One of Britain’s finest long distance walking routes must surely be the 630-mile long South West Coast Path, which extends all the way from Minehead in Somerset to the Sandbanks Ferry near Poole in Dorset. But for those who like to mix their walking with some scenic rail travel the path offers few opportunities for what I call railway rambling, with one notable exception.
That exception is a seven-mile stretch of the path from the small town of Hayle (meaning estuary in Cornish) to the charming and cultural resort of St. Ives, which takes in the estuary at Hayle and then follows the route of the scenic St. Ives Bay Line, with numerous attractive photo-opportunities of both railway and seascape along the way.
Beginning at the rather basic Hayle station, head under the line and then turn right to join a main road which makes a semi circle to cross the line again under the viaduct, before passing to the left of a remarkable looking Asda supermarket, whose roof appears to have been designed to look like the bow of a ship.
For a more interesting route than simply following the B3301 road towards St. Erth, take the path around a lagoon that will eventually bring you to a point on the estuary opposite the attractively preserved Lelant station, the only request stop on the St. Ives branch, but only served by a handful of early morning and evening services.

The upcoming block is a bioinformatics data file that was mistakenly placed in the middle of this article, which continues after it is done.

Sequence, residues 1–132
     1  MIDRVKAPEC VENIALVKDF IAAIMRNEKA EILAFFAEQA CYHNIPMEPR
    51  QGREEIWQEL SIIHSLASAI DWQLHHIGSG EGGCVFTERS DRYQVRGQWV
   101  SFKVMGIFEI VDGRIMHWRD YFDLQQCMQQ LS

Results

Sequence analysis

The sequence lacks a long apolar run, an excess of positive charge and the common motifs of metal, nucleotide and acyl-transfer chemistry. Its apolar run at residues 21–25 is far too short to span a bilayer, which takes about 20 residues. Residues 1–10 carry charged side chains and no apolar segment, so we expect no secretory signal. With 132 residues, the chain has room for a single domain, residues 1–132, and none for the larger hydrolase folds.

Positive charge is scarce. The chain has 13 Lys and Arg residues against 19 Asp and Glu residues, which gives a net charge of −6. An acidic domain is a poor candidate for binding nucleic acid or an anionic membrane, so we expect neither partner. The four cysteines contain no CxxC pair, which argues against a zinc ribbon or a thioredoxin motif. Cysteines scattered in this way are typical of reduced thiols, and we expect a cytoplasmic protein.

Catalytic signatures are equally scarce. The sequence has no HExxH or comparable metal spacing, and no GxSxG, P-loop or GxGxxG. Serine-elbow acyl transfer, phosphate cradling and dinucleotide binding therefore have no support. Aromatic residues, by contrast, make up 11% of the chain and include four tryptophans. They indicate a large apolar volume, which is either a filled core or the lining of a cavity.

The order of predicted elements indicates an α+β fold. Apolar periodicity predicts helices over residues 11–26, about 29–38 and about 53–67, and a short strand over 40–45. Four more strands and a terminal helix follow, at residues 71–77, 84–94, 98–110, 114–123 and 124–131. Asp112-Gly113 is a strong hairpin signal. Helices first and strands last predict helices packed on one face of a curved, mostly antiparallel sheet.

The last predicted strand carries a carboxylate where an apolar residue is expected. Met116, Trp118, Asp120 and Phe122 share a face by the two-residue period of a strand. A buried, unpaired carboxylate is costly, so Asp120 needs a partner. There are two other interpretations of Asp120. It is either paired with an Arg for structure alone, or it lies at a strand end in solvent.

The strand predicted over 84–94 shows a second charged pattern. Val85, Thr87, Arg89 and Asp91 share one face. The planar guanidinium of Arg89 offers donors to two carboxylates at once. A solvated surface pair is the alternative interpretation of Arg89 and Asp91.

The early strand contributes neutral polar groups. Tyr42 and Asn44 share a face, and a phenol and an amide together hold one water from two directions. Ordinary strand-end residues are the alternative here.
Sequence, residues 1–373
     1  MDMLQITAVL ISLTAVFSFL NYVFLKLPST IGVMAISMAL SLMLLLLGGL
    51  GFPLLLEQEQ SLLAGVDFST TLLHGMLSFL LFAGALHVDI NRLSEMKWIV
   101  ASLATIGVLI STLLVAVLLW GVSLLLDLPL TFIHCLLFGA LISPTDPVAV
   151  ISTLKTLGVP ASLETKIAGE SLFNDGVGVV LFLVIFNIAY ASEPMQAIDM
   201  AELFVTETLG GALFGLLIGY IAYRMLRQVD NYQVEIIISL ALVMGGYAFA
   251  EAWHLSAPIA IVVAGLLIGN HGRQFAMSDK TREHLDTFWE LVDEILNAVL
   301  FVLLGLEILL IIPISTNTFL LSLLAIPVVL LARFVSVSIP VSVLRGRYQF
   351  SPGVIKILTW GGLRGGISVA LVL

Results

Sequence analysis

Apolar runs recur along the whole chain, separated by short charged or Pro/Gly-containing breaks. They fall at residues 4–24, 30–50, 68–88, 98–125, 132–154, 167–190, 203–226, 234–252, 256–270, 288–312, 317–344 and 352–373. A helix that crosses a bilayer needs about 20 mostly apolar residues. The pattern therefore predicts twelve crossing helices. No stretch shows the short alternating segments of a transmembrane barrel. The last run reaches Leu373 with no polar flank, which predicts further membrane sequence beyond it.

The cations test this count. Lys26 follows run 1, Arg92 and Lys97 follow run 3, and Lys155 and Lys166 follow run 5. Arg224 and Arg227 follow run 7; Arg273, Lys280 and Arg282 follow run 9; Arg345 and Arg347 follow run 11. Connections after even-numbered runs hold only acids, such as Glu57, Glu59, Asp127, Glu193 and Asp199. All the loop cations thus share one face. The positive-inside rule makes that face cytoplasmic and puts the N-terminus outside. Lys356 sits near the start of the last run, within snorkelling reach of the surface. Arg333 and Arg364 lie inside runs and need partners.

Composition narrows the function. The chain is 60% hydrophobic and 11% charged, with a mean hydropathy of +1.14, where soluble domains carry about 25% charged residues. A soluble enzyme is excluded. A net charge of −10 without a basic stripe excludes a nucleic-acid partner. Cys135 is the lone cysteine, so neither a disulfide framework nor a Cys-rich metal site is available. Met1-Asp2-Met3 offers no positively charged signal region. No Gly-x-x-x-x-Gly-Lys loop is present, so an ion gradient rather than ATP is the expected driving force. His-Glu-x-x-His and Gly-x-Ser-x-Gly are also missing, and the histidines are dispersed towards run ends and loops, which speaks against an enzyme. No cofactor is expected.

This sparse service can be accounted for by the station’s location just half a mile from the hugely successful Lelant Saltings park & ride site, which can also be seen across the estuary once you have rejoined the B3301 and have passed a bird sanctuary on your left.
Bear right at the first road junction you come to, passing a large pub on the right and then crossing under the St. Ives branch before taking a right turn down to Lelant Saltings station. From here the Coast Path (which is rather better marked than the previous section) continues along a quiet lane which past Lelant station and eventually takes you up to the very attractive St. Uny Church.
From here, head along a path with the West Cornwall Gold Club to your left and a wire fence to the right until you reach a footbridge over the railway line. Cross the line and bear left on a rough and undulating path, which keeps you to the seaward side of the line all the way to Carbis Bay and offers many more fabulous photo opportunities.
Here you pass in front of the charming Carbis Bay Hotel (recommended) then up some steps and shortly cross the line once again at a footbridge. After some fairly challenging ups and downs between Lelant and Carbis Bay, the route from here into St. Ives is a gentle walk along metalled path and lane, eventually bringing you to the edge of the town on its sea front, just west of the railway station.
For those who have never travelled it, the 4.25 mile long St. Ives branch is one of the most scenic in Britain, with an intense 30-minute frequency of trains bringing hordes of tourists in to St. Ives from the park & ride site, from Carbis Bay and from its junction with the main line at St. Erth, the subject of one of my previous “favourite photo-spots” features, on account of its splendid semaphore signalling.
Pictured above working St Ives Bay Line services on 9 October 2018 is GWR 150249, while below 150233 approaches St Erth with the 10.51 Penzance-Plymouth service.